Dickkopf-3 (Dkk3) is an atypical member of the Dkk family of Wnt inhibitors, which has been implicated in the pathophysiology of neurodegenerative disorders. Its role in the mechanisms of cellular degeneration and protection is still unknown. The aim of our work is to investigate the endogenous activation of the DKK3 pathway in a model of transient occlusion of the middle cerebral artery in rats. In particular, the animals were subjected to 1 h of ischemia followed by different reperfusion times (1 h, 6 h, 12 h and 24 h) to evaluate the downstream pathway and the time course of its activation. Western blot analysis showed increased Dkk3 expression in animals with the highest time of reperfusion. The increased levels of Dkk3 were accompanied by reduced Wnt3a, Frz1 and PIWI1a expression in the cytosol while FOXM1 and β-catenin decreased in the nucleus. These molecular changes led to an increase in the apoptotic pathway, as showed by the increased expression of Caspase 3 and Bax and the reduced levels of Bcl-2, and to a decrease in neurogenesis, as shown by the decreased expression of Tbr2, Ngn2 and Pax6. In the second part of the study, we decided to employ curcumin, an activator of the Wnt/β-catenin signaling, to investigate its effect on Dkk3. In particular, curcumin was administered 1 and 6 h after ischemia, and animals were sacrificed 24 h later when the expression of Dkk3 was higher. Our data displayed that curcumin administration decreased Dkk3 expression, and increased Wnt3a, Frz1 and PIWI1a levels. Well in line with these data, curcumin administration increased nuclear β-catenin and FOXM1 expression. The down-regulation of Dkk3 by curcumin led to reduced apoptosis and increased neurogenesis. Summarizing, our results showed that Dkk3 acts as an inhibitor of Wnt/β-catenin signaling during cerebral ischemia. Additionally, its inhibition and the contextual activation of the Wnt/β-catenin pathway are protective against ischemic stroke. Full article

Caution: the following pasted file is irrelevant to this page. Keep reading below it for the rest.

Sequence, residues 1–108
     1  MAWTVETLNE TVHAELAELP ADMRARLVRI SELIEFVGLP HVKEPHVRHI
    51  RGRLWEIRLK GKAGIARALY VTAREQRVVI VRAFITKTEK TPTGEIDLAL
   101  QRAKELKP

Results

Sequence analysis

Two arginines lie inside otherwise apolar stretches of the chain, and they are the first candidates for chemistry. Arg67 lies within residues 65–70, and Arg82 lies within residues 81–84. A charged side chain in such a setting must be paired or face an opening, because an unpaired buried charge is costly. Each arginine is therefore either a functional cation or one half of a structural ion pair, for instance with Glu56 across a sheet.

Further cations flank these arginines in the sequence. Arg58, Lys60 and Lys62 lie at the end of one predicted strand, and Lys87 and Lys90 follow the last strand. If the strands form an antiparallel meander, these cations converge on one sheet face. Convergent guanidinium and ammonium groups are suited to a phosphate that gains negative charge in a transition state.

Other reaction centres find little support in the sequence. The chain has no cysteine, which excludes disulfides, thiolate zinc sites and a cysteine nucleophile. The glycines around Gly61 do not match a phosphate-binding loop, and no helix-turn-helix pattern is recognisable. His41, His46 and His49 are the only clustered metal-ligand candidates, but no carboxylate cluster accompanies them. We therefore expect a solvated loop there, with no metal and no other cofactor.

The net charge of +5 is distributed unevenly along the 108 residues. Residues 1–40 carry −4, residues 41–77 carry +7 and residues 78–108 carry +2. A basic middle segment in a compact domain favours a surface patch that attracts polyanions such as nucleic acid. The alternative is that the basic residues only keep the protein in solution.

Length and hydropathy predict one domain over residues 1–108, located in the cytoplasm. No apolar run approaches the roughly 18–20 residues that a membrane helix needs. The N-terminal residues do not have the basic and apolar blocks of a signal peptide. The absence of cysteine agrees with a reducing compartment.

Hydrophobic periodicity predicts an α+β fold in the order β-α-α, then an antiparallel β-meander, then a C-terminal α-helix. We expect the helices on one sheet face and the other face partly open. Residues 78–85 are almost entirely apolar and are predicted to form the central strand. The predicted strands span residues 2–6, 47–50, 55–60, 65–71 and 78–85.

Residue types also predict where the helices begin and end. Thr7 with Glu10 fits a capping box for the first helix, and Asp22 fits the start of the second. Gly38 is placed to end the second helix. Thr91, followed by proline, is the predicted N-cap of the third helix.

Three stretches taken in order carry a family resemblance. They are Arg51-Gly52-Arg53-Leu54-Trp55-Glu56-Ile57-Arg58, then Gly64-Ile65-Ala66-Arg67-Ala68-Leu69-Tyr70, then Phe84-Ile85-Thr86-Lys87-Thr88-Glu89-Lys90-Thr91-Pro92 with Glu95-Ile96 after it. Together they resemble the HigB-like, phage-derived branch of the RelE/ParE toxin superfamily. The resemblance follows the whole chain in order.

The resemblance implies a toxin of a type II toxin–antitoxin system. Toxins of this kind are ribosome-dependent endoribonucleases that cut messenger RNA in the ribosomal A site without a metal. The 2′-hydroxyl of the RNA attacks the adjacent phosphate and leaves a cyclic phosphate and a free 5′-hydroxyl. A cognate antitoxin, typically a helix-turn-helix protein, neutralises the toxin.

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12 pages, 1403 KiB